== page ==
The Edge Effect Principle
The tenth Permaculture principle, 'Edge Effect,' aims to increase our systems' biodiversity and productivity by emulating the 'edge effect,' a natural phenomenon, and its patterns.
To grasp this design principle, we will first look at how Permaculture design utilizes edge effects, then examine how we can use Nature's patterns to enhance the efficiency and productivity of our systems.
Edge Effect - Explained
Let's define a few ecological terms before we discuss them. An edge effect is an ecological description of how more variety of life is found at the boundary between two ecosystems that overlap, such as land and water or wood and grassland. While standing at the boundary of two overlapped ecosystems, you may see a range of species from both ecosystems and specially adapted animals that are not present in either ecosystem but can thrive in the transition zone.
An edge is an interface or boundary between two distinct landscape elements (for example, land and water) or between ecosystems (for example, forest and grassland).
An ecotone is a transitional region where two distinct ecosystems meet (for example, a forest-meadow interface). The blending of ecosystems may occur in a relatively smooth or extremely abrupt fashion.
Many ecosystem boundaries have edge environments, some of which are:
Adjacent to bodies of water, such as rivers, lakes, and streams.
Forests adjoin rock outcrops, riparian zones (i.e., stream banks), and meadows.
Along outcrops of exposed rock and cliffs
Where forested areas border clearings
Abrupt variations in soil type or hydrology might exist.
Where the estuary meets the sea.
When two ecosystems overlap, the ecotone (the region where the edges meet) has a higher species diversity than either ecosystem alone. It has higher productivity because it supports species from both plus one species exclusively found there. Because of the following reasons, ecotones have higher productivity than either ecosystem alone:
Both ecosystems' resources can be accessed in one place.
The levels of air temperature, humidity, soil moisture, and light intensity all vary at boundaries.
Unique species may be supported by favorable microclimates formed by variations in conditions at the edges.
Greater plant diversity and productivity can be supported along plant edges, where light is more abundant (increased availability).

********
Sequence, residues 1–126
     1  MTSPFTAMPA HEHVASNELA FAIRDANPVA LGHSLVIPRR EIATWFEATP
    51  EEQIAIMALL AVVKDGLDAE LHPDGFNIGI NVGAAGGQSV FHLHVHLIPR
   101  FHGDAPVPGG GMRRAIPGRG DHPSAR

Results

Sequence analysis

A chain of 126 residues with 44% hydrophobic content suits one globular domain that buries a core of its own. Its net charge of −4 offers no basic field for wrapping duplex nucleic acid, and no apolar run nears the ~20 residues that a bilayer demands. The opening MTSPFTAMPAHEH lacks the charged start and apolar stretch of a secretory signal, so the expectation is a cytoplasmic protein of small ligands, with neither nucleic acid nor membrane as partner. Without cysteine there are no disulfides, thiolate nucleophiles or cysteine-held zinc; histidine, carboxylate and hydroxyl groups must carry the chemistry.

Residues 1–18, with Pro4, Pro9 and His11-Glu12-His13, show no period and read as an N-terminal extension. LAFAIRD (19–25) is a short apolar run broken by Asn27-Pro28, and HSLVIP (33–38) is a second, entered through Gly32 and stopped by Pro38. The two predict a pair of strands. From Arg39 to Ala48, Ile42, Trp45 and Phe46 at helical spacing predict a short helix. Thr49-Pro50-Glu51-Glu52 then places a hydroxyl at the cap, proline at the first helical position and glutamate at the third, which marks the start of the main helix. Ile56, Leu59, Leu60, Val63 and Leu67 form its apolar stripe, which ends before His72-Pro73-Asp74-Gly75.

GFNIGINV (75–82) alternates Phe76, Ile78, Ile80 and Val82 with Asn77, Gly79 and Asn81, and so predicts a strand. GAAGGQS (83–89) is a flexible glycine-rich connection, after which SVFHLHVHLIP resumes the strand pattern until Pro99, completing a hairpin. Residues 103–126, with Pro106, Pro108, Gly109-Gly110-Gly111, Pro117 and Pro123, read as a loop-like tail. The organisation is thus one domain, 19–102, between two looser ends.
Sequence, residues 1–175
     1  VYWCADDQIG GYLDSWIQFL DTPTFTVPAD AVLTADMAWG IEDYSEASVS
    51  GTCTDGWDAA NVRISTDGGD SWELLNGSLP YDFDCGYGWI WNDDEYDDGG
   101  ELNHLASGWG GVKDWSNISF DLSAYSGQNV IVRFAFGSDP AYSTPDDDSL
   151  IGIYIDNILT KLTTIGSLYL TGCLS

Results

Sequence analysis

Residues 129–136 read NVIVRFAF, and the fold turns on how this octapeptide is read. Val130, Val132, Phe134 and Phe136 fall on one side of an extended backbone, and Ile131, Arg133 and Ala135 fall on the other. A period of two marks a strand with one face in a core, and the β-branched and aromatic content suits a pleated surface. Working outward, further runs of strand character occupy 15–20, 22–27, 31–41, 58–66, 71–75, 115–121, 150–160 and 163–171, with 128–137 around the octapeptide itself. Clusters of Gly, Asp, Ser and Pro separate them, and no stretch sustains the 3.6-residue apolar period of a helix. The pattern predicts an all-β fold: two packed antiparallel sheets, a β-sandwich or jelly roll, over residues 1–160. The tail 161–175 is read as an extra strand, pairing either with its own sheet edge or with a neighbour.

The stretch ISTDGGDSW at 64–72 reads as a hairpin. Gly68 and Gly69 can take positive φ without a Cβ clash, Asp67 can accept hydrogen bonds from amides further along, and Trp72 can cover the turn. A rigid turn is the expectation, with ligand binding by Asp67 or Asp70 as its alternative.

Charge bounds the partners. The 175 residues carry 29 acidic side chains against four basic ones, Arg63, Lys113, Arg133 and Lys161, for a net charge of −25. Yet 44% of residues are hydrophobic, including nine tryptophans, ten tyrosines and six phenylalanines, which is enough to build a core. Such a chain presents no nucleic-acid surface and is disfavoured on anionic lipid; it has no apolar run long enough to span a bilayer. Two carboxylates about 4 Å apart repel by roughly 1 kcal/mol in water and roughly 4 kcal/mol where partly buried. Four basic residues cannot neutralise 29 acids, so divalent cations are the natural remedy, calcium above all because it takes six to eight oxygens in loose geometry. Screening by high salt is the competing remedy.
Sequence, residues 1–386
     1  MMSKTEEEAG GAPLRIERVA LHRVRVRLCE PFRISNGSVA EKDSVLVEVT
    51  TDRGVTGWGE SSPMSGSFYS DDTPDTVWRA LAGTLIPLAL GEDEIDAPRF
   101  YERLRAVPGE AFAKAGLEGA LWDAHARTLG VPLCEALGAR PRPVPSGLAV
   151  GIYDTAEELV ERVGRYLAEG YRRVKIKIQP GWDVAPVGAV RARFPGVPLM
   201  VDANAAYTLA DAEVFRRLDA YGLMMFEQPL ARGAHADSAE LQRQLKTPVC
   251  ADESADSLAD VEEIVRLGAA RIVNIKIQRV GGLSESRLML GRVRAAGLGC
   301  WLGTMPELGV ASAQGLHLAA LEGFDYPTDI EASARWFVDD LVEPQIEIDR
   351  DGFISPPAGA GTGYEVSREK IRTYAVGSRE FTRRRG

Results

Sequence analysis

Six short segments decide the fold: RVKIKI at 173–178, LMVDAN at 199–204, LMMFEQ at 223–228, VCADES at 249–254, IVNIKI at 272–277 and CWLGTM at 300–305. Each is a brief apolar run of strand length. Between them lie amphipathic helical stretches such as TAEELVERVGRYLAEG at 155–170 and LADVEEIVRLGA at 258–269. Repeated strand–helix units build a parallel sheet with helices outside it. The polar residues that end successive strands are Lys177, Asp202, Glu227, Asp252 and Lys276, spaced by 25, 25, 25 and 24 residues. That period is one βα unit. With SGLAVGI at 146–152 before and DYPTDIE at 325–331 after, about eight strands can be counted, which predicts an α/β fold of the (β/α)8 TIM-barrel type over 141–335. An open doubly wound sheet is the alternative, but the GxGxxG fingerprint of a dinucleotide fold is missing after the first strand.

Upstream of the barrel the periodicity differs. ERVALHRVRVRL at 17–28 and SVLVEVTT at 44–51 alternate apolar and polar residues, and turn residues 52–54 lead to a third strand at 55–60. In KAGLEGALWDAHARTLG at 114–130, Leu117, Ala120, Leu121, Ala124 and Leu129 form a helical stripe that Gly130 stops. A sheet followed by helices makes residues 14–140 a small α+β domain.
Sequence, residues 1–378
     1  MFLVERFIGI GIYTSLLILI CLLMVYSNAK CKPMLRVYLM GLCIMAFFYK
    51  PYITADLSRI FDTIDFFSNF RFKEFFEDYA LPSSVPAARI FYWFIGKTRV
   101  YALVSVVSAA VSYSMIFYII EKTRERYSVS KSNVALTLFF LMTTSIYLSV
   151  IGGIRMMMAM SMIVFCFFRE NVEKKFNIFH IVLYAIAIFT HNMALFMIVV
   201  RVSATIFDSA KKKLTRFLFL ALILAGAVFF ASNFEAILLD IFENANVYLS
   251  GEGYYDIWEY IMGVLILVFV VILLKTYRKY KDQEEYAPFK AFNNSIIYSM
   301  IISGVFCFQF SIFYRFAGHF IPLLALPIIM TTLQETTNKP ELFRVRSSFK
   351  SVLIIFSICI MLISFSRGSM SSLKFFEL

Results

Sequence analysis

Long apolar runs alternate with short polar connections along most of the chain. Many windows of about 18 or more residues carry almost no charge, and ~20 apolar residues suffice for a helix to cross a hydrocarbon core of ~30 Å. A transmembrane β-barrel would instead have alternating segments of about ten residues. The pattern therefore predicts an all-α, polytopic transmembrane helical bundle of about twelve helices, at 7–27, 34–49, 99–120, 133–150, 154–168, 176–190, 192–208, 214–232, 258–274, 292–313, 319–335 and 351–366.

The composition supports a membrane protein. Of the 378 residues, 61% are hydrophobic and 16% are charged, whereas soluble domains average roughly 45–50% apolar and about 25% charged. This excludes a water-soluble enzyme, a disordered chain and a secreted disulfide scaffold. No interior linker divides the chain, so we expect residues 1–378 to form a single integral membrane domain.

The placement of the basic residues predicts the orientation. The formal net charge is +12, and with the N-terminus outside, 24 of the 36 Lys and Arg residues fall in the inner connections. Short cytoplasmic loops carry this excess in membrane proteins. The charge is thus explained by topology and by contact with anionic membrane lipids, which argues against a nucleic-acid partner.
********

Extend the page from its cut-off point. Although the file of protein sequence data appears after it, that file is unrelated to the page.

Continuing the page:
An increase in plant diversity increases the number of herbivorous insects, increasing the number of birds. In turn, the increased number of birds attracts more predators.
Large amounts of materials, nutrients, and energy are captured as they move across ecosystem boundaries and edges—for example, leaves and soil are blown against barriers, shells accumulate on the beach, etc.
The flow of energy, materials (nutrients), and organisms between ecosystems adjacent to one another can strongly influence the productivity and fertility of ecosystems.
The edge effect in Nature indicates that the environmental conditions at the boundaries of ecosystems differ from those within them. Mangrove and coral reef ecosystems (marine/terrestrial interfaces) are some of the most productive natural habitats and riparian habitats (the banks of rivers and streams). Biodiversity is exceptionally high in these regions. Human societies are historically located at the intersection of various ecosystems, including rivers, estuaries, and oceans, the borders of forests, hills, and plains.
An edge is an ecosystem interface through which one ecosystem is connected to and interacts with another. All ecosystems are part of a web of life, just as all things in Nature do. This idea is conveyed in the following extract:
"…ecosystem ecologists realized early on that ecosystems are open systems in which living and nonliving matter and organisms move about and that ecosystem dynamics could not be understood unless ecosystems were regarded as open systems. Their research demonstrated how ecosystems function as highly interlinked networks by tracking the exchange and storage of 'common currencies' such as nitrogen and organic carbon as they moved across system boundaries."
You can use Edge effects in design in a variety of ways.
We have seen how edges serve as the interface of ecosystems and how these borders are more productive and rich in life. In Permaculture design, this means that:
There are more beneficial relationships between the elements at the edges.
Because they are the hot spots for material and energy flow across ecosystems, edges are characterized by increased material and energy cycling.
Edges create beneficial microclimates.
The ecosystem's edge supports the production of biomass and biodiversity.
We can enhance the performance of our systems by capitalizing on the 'edge effect,' a natural phenomenon. By expanding the edge available in our systems, we can do this. We can accomplish this by copying the patterns of Nature in our designs.
Throughout hundreds of millions of years of evolution, Nature has become as efficient as possible. Intriguingly, Nature does not utilize straight lines; instead, Nature utilizes a variety of patterns that repeat throughout.
Let's examine how Nature creates patterns to help us arrange elements more efficiently.